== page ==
What do ETFs and Karl Marx have in common?

Posted: 7 September 2016 in Uncategorized
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marx-en-wall-street

I know, it sounds like the setup for a bad joke. But, for the authors of a recent Sanford Bernstein research report titled “The Silent Road to Serfdom: Why Passive Investing is Worse Than Marxism,” it’s a very serious matter.

Their argument is pretty straightforward (although the report itself, according to all accounts, is long and meandering): the rise of passive and quasi-passive asset management (e.g, exchange-traded funds that track major equity indexes, like the S&P 500 Index or the Russell 2000 Index, in addition to “smart beta” funds that invest based on historically predictive factors) are threatening to fundamentally undermine the entire system of capitalism.

Why? Because, in their view, the growth in such passive and algorithmic funds has caused markets to become more correlated, as all the funds are based on buying all the same stocks for the same reasons. And a market that is more correlated, they argue, will do a worse job of allocating capital.

The alternative are actively managed funds (with all their high fees and exorbitant profits and salaries), directed by analysts who are constantly thinking about whether companies are over- or underpriced, so that they can follow the price signals and buy the underpriced ones and sell the overpriced ones and keep capital flowing to its best possible uses.

So, the Sanford Bernstein team writes:

A supposedly capitalist economy where the only investment is passive is worse than either a centrally planned economy or an economy with active market led capital management.

Of course, the entire premise of their argument is that the buying and selling of stocks on Wall Street creates an efficient allocation of resources, which as I showed yesterday is a myth. Very few actively-managed mutual funds routinely outperform the market and, given the short time span (days, hours, and even microseconds), most Wall Street trading simply cannot affect the allocation of real resources.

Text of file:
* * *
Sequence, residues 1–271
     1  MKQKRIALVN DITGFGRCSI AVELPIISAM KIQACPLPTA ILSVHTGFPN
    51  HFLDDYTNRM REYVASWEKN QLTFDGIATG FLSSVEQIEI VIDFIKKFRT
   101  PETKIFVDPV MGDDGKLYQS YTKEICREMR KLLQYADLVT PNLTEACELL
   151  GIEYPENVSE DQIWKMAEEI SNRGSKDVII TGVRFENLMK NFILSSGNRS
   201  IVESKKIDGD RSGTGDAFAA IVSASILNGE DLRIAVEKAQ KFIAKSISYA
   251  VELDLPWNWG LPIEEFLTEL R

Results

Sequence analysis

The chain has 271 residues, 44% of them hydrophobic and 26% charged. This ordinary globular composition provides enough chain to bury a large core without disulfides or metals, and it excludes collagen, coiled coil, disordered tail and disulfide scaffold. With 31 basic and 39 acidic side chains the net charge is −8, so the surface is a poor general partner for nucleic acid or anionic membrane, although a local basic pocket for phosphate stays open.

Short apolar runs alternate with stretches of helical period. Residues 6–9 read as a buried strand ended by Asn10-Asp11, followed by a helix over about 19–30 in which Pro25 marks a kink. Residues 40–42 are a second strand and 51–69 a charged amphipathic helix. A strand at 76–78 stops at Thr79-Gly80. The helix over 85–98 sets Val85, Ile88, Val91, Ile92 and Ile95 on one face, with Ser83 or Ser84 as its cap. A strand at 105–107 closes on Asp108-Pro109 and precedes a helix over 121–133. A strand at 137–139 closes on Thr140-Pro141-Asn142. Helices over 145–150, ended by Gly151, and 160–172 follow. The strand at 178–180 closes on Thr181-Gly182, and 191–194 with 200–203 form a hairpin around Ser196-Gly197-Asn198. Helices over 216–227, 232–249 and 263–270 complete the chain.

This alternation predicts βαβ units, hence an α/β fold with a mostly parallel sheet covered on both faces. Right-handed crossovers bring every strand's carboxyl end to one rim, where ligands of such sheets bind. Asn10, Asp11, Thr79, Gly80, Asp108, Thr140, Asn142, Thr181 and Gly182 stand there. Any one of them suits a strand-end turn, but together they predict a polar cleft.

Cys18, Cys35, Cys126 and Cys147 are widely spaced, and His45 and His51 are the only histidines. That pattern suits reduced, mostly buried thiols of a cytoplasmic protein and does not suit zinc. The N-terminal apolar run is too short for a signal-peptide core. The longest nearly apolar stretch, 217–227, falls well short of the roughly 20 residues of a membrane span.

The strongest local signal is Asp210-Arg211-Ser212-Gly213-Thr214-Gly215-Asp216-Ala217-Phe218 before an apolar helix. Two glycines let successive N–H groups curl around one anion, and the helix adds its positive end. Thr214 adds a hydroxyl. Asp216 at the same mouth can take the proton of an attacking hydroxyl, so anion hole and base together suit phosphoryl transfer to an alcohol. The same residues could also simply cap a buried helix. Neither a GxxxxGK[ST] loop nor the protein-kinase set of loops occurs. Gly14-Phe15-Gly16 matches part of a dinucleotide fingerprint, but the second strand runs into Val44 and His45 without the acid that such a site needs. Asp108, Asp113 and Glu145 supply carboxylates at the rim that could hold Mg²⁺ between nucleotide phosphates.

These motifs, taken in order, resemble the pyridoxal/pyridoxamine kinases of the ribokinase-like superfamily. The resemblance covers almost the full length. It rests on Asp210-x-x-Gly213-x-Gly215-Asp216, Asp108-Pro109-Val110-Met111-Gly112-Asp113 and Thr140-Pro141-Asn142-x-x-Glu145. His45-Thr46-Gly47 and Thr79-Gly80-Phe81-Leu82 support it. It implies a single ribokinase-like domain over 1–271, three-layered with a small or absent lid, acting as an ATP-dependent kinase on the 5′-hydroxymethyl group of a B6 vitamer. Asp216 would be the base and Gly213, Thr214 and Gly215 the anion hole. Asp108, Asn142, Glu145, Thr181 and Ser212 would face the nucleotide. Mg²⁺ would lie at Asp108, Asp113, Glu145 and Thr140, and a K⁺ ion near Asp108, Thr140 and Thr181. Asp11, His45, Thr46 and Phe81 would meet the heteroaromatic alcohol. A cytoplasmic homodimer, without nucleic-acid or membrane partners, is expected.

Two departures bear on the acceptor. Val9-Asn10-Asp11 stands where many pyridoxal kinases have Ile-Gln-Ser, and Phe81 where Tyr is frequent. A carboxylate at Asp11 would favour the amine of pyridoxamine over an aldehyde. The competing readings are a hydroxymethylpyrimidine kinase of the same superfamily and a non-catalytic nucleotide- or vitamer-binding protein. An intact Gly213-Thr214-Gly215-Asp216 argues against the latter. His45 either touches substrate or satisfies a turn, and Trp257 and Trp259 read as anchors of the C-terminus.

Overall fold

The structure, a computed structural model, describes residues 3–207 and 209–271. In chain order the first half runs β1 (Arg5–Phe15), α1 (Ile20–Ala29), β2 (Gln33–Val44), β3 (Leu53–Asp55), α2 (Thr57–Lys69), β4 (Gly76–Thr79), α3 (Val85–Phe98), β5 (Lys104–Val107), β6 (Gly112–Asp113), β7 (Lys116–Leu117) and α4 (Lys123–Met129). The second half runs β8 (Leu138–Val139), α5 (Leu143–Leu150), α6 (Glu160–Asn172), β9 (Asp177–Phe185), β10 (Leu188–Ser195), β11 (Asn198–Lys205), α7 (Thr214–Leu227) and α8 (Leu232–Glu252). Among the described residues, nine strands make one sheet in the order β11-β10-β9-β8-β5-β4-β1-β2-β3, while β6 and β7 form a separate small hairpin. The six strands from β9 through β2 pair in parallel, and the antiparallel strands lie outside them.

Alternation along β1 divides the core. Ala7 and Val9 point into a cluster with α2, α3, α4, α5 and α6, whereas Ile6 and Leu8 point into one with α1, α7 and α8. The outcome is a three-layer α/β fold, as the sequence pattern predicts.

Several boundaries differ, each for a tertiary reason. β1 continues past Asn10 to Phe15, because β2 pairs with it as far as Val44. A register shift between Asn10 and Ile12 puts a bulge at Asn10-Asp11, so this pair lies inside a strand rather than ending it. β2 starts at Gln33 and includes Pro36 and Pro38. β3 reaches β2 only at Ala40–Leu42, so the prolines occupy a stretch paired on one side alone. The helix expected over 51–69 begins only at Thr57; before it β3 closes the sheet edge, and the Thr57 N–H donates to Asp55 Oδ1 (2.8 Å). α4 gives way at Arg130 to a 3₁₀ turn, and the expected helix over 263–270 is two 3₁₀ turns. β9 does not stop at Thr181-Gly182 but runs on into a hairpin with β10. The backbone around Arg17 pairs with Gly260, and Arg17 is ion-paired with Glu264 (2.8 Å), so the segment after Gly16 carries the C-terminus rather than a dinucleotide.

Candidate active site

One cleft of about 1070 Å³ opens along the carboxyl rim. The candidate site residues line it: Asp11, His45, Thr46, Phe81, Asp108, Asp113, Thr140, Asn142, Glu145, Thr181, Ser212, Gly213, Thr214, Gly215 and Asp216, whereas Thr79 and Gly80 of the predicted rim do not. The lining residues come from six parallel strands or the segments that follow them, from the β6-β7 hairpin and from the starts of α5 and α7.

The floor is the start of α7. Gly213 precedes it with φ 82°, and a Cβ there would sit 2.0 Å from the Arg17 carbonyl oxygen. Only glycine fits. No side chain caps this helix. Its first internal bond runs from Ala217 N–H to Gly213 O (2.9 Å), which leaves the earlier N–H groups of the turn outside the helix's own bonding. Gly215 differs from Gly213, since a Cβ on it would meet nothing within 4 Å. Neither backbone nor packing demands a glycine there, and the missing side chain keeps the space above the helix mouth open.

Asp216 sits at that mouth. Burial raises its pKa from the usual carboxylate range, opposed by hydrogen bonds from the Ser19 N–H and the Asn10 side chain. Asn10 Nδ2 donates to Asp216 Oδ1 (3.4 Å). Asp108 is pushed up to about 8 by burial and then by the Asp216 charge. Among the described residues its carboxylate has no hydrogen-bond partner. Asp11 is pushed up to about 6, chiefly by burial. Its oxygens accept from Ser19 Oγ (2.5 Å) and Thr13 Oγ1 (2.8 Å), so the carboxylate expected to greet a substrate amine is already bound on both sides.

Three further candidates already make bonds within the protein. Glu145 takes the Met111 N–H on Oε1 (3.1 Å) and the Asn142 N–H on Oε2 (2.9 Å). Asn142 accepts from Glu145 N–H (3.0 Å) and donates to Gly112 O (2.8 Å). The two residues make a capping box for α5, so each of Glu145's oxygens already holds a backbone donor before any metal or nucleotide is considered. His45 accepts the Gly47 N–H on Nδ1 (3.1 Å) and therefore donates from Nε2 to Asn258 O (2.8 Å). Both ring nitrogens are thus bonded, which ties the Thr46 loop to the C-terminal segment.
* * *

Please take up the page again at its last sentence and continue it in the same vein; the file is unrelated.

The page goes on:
But, to my mind, the rise of ETFs and other forms of passive and quasi-passive management is interesting for a very different reason. At the limit, they point toward the creation of a single, most efficient robot trader, which might actually solve the socialist calculation problem. In this sense, they threaten to displace all the Wall Street traders and analysts, just as the rise of credit and the joint-stock company rendered the capitalist superfluous to capitalist production.

So, perhaps the folks at Sanford Bernstein are right: passively managed stock funds represent Marx’s revenge on capitalism.

Comments
  1. As you say, trading stocks mostly moves money between speculators and doesn’t supply capital to the firm themselves. Firms raise capital through private early-stage investors, and though IPOs which are really a closed round of private investment with a commercial bank just days before listing. Listing the company pays off those early investors and merchant bankers, and you could argue that justifies the existence of stock markets but it’s quite tenuous.

    Firms could raise capital in the stock market with new share issues after IPO but that’s quite rare. The opposite (buybacks) is common. The only way stock markets help firms raise capital long after being listed is through mergers and acquisitions (paid partly in shares) and inasmuch as a higher stock valuations help firms get cheap credit.

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